Carmen González

Boyle Heights Beat

Angel Lizárraga and Diana Cruz in ‘#TimesUp.’

The producers opened with a couple of disclaimers and trigger warnings on strong language, gunshots, and rape scenes. It was the opening night of Chicanas, Cholas y Chisme VI: Stand Up! Speak Out!,” a 12-play festival of works written by Latinas returning for a sixth year to Casa 0101, for a run through April 19.

Several of the plays have references to current social issues, such as the #MeToo movement and the rescinding of DACA. This time the producers wanted to focus on the healing aspect of womanhood, and representatives from the East Los Angeles Women’s Center were outside the theater providing mental health resources for the attendees.

Act I consisted of powerful, more dramatic plays: the night began with one titled November 8th, written by Elvia Rubalcava, centered on a group of women and their reaction to the 2016 election. Suzanne Linares’ Cycles, in which she captures how not speaking up at times of injustices can lead to scars being passed, was my favorite.  In Once Upon a Time… Con DACA, Rocio Diaz tells the story of an undocumented student, all her fears and how she overcomes them to prove how worthy of a legal status she is.

Ana Tapia, Lauren Kush, Sarah Jessica García and Rufino Romero in ‘Mx/Mrx.’

Act II consisted of more comedic plays which still had the same powerful touch. MX/MRX, written by Cinnamon Rivera, spotlights the big issue of non-binary folk who still have to use gendered restrooms. The machismo within the Chicano movement – a topic rarely discussed– is touched in the second-to-last play, Regrets, written by Maria G Martinez.  Since it talks about the big issue of men in leadership roles taking advantage of a woman organizing, it seemed an appropriate play, now that some of Hollywood’s most beloved actors and players are being accused of abuse.

The night closed with The Blowouts, where actors named the laws and organizations that came out of the 1968 school walkouts. The play was written by Josefina Lopez, Founder and Artistic Director of Casa 0101.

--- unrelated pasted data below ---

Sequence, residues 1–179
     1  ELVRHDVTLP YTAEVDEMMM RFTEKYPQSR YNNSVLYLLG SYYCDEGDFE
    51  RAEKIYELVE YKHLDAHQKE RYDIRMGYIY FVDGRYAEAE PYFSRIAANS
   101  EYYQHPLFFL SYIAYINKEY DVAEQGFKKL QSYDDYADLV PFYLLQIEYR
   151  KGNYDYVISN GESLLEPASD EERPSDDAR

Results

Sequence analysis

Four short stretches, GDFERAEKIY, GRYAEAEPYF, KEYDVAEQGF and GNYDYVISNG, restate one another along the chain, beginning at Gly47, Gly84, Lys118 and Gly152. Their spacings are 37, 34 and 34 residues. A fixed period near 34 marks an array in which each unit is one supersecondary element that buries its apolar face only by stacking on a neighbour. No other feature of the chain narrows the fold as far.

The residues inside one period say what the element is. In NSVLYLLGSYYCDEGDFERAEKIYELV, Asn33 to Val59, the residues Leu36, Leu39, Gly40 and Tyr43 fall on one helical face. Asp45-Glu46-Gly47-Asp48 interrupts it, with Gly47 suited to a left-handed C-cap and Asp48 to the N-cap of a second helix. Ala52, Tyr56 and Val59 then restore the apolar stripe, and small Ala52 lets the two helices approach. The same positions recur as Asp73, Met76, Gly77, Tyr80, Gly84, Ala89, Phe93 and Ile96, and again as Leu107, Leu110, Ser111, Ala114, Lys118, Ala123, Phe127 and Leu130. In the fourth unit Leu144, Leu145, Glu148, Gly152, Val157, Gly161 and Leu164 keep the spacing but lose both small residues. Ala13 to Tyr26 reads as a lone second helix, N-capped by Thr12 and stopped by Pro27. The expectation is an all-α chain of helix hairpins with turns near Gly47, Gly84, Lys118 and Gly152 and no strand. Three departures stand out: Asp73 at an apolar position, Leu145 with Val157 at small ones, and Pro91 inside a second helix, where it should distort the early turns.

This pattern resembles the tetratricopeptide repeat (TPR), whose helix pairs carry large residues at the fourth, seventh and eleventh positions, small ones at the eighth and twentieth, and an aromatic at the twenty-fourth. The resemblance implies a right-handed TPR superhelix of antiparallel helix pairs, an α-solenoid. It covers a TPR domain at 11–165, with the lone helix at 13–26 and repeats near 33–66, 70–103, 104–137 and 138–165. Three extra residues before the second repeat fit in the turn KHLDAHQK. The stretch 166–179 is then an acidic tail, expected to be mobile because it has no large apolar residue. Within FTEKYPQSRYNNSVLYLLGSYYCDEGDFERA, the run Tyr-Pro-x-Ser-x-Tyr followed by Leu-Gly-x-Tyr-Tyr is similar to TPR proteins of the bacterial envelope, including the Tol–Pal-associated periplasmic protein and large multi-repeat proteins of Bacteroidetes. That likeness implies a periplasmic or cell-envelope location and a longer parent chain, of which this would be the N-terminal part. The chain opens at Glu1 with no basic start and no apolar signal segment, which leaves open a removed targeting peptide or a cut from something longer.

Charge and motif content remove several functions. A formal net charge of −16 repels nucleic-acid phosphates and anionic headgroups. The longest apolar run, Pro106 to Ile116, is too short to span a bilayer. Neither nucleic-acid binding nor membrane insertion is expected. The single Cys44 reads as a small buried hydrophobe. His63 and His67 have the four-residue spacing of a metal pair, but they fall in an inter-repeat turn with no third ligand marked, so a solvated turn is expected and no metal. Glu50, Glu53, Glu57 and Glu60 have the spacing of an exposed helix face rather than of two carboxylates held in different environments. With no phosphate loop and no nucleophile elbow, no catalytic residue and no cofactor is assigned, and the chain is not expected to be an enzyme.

Diana Cruz, Lilian Tapia and Raquel Salinas.

Producers warn the show contains strong adult language and mature themes and recommend that minors under the age of 17 be accompanied by an adult. Even though some very heavy topics were performed, there was a lot of comic relief throughout the plays.  Anyone who is interested in having a laugh and fun night should totally check out this production.

Performances are Fridays and Saturdays at 8:00 p.m. and Sundays at 5:00 p.m. at Casa 0101 Theater, 2102 East First Street (at St. Louis Street). Tickets are $23 per person for General Admission; $20 per person for Students and Seniors 60+; and $18 per person for Boyle Heights residents.   On Friday, April 6, 2018, the performance will feature an American Sign Language Interpreter. For tickets, please call the CASA 0101 Theater Box Office at 323-263-7684, E-mail [email protected], or buy online at www.casa0101.org.

Carmen González is junior at Felícitas and Gonzalo Méndez high school. She loves organizing with the community and is hoping major in Political Science.

Photo above: Sarah Jessica Garcia(center); Joshua Nicholas, Belissa Escobedo, Diana Cruz and Ana Tapia (back l to r) in ‘Blowouts.’  All photos by LeeAnna Bowman-Carpio.

This post was edited on March 22 for clarification and to correct date of ASL performance.

2 Responses

  1. Rocio

    Once Upon A Time… Con DACA is about an undocumented student/ family who are affected on a daily basis through the political climate, regarding immigration. It reflects the human struggle, fear, and resilience through a undocumented student who has build herself to only accomplish her parents dream of her becoming something in life. She has only come this far because her mother & father ( who is not mentioned in the story line) have been the primary foundation for her to be able to succeed.

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